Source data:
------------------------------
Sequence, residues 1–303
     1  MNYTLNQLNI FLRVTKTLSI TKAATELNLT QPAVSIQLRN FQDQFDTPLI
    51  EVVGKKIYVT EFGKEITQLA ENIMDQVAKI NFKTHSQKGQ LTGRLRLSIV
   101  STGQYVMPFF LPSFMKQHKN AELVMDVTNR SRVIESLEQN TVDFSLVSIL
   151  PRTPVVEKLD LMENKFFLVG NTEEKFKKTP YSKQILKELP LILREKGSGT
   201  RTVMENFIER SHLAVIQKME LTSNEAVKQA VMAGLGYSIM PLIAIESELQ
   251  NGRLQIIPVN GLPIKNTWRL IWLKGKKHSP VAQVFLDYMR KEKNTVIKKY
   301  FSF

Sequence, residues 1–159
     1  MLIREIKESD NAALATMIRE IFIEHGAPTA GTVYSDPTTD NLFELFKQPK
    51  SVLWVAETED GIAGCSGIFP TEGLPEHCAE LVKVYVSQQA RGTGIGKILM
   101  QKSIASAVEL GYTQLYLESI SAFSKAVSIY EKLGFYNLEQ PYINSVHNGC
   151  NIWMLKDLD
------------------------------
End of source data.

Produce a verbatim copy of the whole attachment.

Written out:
Sequence, residues 1–303
     1  MNYTLNQLNI FLRVTKTLSI TKAATELNLT QPAVSIQLRN FQDQFDTPLI
    51  EVVGKKIYVT EFGKEITQLA ENIMDQVAKI NFKTHSQKGQ LTGRLRLSIV
   101  STGQYVMPFF LPSFMKQHKN AELVMDVTNR SRVIESLEQN TVDFSLVSIL
   151  PRTPVVEKLD LMENKFFLVG NTEEKFKKTP YSKQILKELP LILREKGSGT
   201  RTVMENFIER SHLAVIQKME LTSNEAVKQA VMAGLGYSIM PLIAIESELQ
   251  NGRLQIIPVN GLPIKNTWRL IWLKGKKHSP VAQVFLDYMR KEKNTVIKKY
   301  FSF

Sequence, residues 1–159
     1  MLIREIKESD NAALATMIRE IFIEHGAPTA GTVYSDPTTD NLFELFKQPK
    51  SVLWVAETED GIAGCSGIFP TEGLPEHCAE LVKVYVSQQA RGTGIGKILM
   101  QKSIASAVEL GYTQLYLESI SAFSKAVSIY EKLGFYNLEQ PYINSVHNGC
   151  NIWMLKDLD